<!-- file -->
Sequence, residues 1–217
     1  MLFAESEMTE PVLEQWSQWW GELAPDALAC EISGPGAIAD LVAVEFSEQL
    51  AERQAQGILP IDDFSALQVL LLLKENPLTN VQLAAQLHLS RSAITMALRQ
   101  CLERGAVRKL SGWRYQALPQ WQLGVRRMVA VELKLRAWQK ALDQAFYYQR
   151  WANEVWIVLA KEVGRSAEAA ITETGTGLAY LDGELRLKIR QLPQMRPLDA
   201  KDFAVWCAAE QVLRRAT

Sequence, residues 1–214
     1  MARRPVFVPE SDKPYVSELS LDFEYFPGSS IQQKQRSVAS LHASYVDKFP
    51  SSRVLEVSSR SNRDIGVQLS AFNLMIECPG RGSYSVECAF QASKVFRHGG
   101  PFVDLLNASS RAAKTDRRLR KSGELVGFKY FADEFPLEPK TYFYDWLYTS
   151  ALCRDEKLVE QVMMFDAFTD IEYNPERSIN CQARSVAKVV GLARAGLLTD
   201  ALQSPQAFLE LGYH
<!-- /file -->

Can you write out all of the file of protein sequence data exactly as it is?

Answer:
Sequence, residues 1–217
     1  MLFAESEMTE PVLEQWSQWW GELAPDALAC EISGPGAIAD LVAVEFSEQL
    51  AERQAQGILP IDDFSALQVL LLLKENPLTN VQLAAQLHLS RSAITMALRQ
   101  CLERGAVRKL SGWRYQALPQ WQLGVRRMVA VELKLRAWQK ALDQAFYYQR
   151  WANEVWIVLA KEVGRSAEAA ITETGTGLAY LDGELRLKIR QLPQMRPLDA
   201  KDFAVWCAAE QVLRRAT

Sequence, residues 1–214
     1  MARRPVFVPE SDKPYVSELS LDFEYFPGSS IQQKQRSVAS LHASYVDKFP
    51  SSRVLEVSSR SNRDIGVQLS AFNLMIECPG RGSYSVECAF QASKVFRHGG
   101  PFVDLLNASS RAAKTDRRLR KSGELVGFKY FADEFPLEPK TYFYDWLYTS
   151  ALCRDEKLVE QVMMFDAFTD IEYNPERSIN CQARSVAKVV GLARAGLLTD
   201  ALQSPQAFLE LGYH